• Know Yourself Personality Test: “This app includes 30 tests covering 88 personality characteristics.”
  • Jealousy Test & CBT Self-Help: “[T]his app uses the methods of cognitive-behavioural therapy (CBT) to teach you how to address the irrational jealousy that interferes with your relationship.”
  • Self-Esteem Blackboard: “This app was developed by a clinical psychologist using the methods of cognitive-behavioural therapy (CBT) to help improve self-esteem.”
  • Worry Box—Anxiety Self-Help: “Use the worry cognitive diary to help you determine how to cope with the worry. If it’s controllable, you can list the steps you can take to manage the worry. If it’s not controllable, select from the list of coping statements to help you think about it differently.”
  • Cognitive Styles CBT Test: “By examining your thinking styles, you can learn to change them which can reduce anxiety, depression, and unreasonable anger. In addition, you can improve your self-esteem and your relationships.”
  • SportPsych Performance Coach: ” It teaches the sport psychology techniques to enhance athletic performance and achieve success.”
  • Know Yourself Personality Plus: a new and improved version of the Know Yourself Personality Test app.


The Final folder is the ACT CBT DBT folder Acceptance & Commitment Therapy (ACT), CBT and Dialectical Behaviour Therapy (DBT) are three methods of treatment for mood disorders, including Major Depressive Disorder. The apps include:

  • actcompanion: a paid for app, it’s the companion to the book “The Happiness Trap”. Both the book and the app use ACT principles as outlined in the book. ACT is “a scientifically supported mindfulness-based behaviour therapy” used to treat mood disorders. Also on the App Store.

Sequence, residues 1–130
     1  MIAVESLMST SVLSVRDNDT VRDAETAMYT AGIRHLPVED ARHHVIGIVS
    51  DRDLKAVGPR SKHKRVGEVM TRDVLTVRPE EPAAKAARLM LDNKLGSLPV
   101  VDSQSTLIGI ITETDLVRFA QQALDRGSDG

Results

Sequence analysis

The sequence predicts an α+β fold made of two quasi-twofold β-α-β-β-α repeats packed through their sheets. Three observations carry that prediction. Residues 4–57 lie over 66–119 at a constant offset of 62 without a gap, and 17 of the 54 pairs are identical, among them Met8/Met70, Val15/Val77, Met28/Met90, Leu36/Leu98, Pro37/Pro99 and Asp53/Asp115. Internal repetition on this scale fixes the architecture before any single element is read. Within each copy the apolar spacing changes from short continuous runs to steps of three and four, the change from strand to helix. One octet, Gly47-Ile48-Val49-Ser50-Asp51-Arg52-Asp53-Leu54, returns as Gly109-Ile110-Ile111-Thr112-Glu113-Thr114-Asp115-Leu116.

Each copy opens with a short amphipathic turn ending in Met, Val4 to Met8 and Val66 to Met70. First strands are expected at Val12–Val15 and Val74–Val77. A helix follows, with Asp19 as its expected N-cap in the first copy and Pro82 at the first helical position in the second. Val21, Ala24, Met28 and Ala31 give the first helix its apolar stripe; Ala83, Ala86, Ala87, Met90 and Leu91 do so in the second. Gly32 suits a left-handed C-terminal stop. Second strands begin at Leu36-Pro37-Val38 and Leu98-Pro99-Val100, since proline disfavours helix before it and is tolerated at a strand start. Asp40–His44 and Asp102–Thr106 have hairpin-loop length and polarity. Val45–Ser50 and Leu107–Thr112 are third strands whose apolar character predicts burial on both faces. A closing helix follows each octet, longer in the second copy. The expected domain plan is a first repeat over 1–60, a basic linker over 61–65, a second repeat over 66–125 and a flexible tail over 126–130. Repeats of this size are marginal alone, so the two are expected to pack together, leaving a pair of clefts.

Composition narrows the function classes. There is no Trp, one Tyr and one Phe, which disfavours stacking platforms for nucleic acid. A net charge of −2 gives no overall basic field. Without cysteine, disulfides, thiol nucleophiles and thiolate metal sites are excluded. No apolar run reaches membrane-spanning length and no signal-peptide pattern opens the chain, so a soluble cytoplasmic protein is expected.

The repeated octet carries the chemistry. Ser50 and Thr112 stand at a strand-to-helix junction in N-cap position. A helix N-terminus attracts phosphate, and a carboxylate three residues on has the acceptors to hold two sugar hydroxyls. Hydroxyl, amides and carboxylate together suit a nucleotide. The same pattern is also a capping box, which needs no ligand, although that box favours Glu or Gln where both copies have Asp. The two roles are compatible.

• ACT Coach: ACT “aims to help you live with unpleasant thoughts, feelings, and impulses without avoiding them or being controlled by them. In ACT, you are encouraged to commit to actions so that you can live your life by your values, even in the face of these unpleasant experiences.” Free and available on the App Store.
  • Dbt 112 (aka Dbt 911): my CALMtainers are DBT tools. That is, they help me manage or tolerate my distress and DBT is all about distress tolerance as well as other behaviours. “With this app you will quickly get a random distress tolerance skill to do.” Free.
  • Thought Workbench: is a CBT tool to help you manage your thoughts. Thought management is a key tool, perhaps the key tool, in CBT treatment. Free.
  • Thought Diary: is a simple tool to help you record and manage your thoughts. Free. On the App Store.
  • TruReach: is a comprehensive CBT information app that breaks CBT down into quick lessons. Free and on the App Store.

My virtual CALMtainer is continuously evolving as I discover more apps. Additionally, it’s targeted to my specific needs. Nonetheless, I believe I’ve shown just how valuable your phone can be to your mental wellness. I encourage you to consider how you can put your smartphone to use for your wellness. And please, if you discover new apps, bring them to my attention. I’d love to hear from you.